Minor spoilers for the first act, nothing not shown in the trailer.
Well, 2020 is almost over and aren’t we glad for it. And as a little gift to Disney+ subscribers this year, the Mouse House has decided to drop its latest Pixar offering onto its streaming platform at no additional charge (unlike the live-action remake of Mulan earlier this year, which despite the additional cost, saw subscriptions go up 68%). The film is Soul, directed by Pete Docter (Up, Inside Out) and Kemp Powers (the writer of One Night in Miami), a philosophical deep dive into life set to the rhythm of jazz. So, should you take some time out of your day this holiday season to watch it, or even subscribe to Disney+ to see what the fuss is about, or let this one drift into the aether?
Soul features the voice of Jamie Foxx as Joe Gardner, a middle-school band teacher who is passionate about all things jazz and hopes to one day make jamming with the greats his career and legacy. Things finally seem to be going Joe’s way within the first few minutes of the movie then, because of all that excitement, is distracted and falls down a manhole, seemingly plummeting to his death. Joe’s soul is then off to The Great Beyond, but Joe doesn’t have time for this! Nope, he has things to do, has a gig to attend and be breaks free from the constraints of the afterlife and ends up at The Great Before, the place where unborn souls get their personalities and find out what kind of person they’ll grow up to be. This is where Joe meets Soul 22 (Tina Fey), a soul who doesn’t want to go to Earth, as it’s the place where souls are crushed and things like that. Life is scary and 22 really doesn’t want to leave the comforts of The Great Before. Before I get ahead of myself, I’ll stop talking about the plot there, which is still the early establishing parts of the movie.
So, I’ll just get this out of the way now in case you’re a parent and you’re wondering if you should load up the movie to watch with the young ones or the family. I’d say, sure, there’s nothing M rated in here or anything like that, but I do think this is the most “grown-up” Pixar movie to date. As such, kids may not resonate with this movie and find it boring. Again, depends on the kid, but something to bear in mind. But adults, oh man, strap in. This movie is about life. The choices you’ve made that have left you up to this point. What is your purpose in it? Have you lived a fulfilling life? What exactly is a fulfilling life? How do you know what your purpose in life is? These are all questions that Soul asks and kids just haven’t got the life experience yet to relate to these deeper questions. That said, the movie is still plenty entertaining for kids, especially the second act, and if they liked Inside Out or Coco, they should do just fine considering.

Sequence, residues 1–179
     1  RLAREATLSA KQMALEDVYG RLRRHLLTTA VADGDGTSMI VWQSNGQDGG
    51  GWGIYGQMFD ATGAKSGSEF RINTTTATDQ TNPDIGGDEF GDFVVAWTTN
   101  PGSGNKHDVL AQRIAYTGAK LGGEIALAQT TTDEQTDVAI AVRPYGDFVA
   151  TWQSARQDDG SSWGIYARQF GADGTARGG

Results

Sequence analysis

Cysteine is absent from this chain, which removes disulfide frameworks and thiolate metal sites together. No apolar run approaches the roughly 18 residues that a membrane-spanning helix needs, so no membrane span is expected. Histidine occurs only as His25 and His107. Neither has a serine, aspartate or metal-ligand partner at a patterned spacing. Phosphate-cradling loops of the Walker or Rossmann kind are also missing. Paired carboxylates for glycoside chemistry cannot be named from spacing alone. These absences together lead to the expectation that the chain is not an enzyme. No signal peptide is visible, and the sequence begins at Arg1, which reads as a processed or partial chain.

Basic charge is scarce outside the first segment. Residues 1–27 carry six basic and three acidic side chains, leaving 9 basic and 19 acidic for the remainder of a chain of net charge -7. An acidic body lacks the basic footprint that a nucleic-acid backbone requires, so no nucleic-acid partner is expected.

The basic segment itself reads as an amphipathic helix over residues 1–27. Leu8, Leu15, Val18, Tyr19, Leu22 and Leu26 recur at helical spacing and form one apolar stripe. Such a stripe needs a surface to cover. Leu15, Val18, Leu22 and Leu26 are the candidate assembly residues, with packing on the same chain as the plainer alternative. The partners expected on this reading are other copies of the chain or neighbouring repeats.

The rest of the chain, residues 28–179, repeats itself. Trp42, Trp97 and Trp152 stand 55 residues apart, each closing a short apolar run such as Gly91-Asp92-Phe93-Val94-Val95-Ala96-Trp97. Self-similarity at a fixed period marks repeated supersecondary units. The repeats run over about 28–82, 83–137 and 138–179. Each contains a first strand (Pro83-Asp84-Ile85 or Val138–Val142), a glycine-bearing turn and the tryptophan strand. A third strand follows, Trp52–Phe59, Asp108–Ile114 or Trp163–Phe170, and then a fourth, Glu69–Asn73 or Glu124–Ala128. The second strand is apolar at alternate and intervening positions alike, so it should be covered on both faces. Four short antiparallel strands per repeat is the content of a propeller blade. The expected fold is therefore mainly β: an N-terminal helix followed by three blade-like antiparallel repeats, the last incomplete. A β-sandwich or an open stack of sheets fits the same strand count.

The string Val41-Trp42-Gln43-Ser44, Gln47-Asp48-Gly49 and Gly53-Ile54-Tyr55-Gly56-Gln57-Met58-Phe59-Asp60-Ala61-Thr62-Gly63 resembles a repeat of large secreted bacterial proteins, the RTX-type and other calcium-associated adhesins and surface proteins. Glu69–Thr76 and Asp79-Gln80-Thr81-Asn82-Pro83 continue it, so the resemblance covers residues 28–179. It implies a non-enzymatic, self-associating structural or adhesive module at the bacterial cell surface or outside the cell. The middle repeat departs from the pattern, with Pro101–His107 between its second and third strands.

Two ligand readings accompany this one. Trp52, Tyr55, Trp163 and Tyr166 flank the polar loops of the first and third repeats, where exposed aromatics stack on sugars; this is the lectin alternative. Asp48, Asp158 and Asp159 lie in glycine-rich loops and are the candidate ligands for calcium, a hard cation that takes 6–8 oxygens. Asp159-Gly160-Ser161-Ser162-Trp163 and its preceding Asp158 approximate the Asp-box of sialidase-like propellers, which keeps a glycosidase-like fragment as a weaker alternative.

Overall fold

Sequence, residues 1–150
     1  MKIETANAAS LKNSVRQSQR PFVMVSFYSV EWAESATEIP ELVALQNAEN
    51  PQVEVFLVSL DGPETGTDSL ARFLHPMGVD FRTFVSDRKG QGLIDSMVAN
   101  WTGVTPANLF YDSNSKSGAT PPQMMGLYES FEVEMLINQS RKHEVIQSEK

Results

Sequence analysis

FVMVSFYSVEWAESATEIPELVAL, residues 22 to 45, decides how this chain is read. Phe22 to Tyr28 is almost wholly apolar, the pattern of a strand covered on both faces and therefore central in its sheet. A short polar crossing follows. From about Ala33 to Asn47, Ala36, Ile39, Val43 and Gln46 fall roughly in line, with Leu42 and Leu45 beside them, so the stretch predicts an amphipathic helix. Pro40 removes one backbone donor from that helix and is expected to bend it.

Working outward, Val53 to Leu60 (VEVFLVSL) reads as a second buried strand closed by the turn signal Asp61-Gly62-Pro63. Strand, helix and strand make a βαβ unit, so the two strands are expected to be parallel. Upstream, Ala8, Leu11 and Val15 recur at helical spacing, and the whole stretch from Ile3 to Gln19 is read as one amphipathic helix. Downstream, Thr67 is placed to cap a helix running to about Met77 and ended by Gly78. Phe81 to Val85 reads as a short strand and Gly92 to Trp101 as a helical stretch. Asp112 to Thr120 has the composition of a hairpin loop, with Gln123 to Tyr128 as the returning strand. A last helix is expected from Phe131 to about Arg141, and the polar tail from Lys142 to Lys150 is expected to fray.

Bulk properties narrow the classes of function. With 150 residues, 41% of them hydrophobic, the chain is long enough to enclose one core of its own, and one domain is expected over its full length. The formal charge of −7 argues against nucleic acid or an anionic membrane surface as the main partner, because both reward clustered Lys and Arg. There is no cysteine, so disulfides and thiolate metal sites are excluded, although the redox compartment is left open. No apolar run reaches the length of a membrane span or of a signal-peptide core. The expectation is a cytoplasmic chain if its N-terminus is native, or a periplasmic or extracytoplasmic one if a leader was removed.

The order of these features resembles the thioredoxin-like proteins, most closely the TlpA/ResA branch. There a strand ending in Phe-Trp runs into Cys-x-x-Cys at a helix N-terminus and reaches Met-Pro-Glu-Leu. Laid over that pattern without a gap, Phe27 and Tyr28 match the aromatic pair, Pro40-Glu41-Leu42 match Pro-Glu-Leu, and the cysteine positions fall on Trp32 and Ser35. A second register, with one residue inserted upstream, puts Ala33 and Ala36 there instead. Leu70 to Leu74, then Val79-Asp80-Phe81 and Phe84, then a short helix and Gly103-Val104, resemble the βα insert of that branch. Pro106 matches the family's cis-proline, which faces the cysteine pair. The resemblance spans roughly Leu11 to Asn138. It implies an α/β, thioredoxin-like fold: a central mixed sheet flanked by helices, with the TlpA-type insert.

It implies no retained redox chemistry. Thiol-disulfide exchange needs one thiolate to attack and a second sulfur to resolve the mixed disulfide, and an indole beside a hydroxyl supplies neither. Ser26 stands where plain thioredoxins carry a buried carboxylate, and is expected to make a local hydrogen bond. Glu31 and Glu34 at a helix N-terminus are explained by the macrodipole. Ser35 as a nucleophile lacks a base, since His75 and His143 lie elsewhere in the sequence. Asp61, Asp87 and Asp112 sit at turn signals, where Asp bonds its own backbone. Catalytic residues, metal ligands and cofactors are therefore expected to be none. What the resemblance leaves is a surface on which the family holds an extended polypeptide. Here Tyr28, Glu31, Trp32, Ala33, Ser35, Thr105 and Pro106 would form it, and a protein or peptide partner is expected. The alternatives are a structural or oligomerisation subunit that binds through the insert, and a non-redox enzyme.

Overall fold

So let’s talk about the cast. Jamie Foxx does such a fantastic job as Joe. He’s instantly likeable, relateable and tragic, all at once. It’s a shame the Academy won’t nominate an actor for voice work cause Foxx totally deserves a nod for his role here. Likewise, Tina Fey brings on the levity at the right moments, but her character’s jokes are often bleak, taking jabs at real life. Without diving into things, let’s just say that things take an interesting twist partway through the movie and 22 begins to see life a little different. It’s in these moments that we can take a look at our own lives, see what we can’t be doing differently to better ourselves more. Rounding out the voice cast is Graham Norton, Angela Basset, Richard Ayoade, Rachel House and Questlove, among many more.
The animation is, of course, phenomenal. The bustling streets of New York City are jaw-droppingly beautiful. Pixar is just showing off at this point. But the more fantastical elements are also wonderfully realized with plenty of imagination. The music too is amazing. There are two elements, a jazz component which is going to be a treat for those who dig jazz. It’s alive, vibrant and makes you understand why Joe is so passionate about the genre. The score is the complete opposite, which is interesting. Scored by Trent Reznor and Atticus Ross, the electronic elements of the score come in when things get deeper, philosophical or involve the Great locations. The two styles are so different but they illustrate the wildness and improvised nature of life versus the more established and orderly rule of the Great locations, which have very specific purposes.
Soul is the most “real” Pixar film to date. It touches on a lot of personal, deep and difficult questions about life, death and purpose. Maybe the experience won’t be so relatable for kids, who should still get a kick out of the movie, but in a way, Pixar made a movie that’s tailored more towards parents and adults this time around, rather than the other way around. The movie is enlightening and inspiring and it features both amazing music and stellar voice work. Soul is Pixar at its most unique and ambitious and you shouldn’t miss out on it.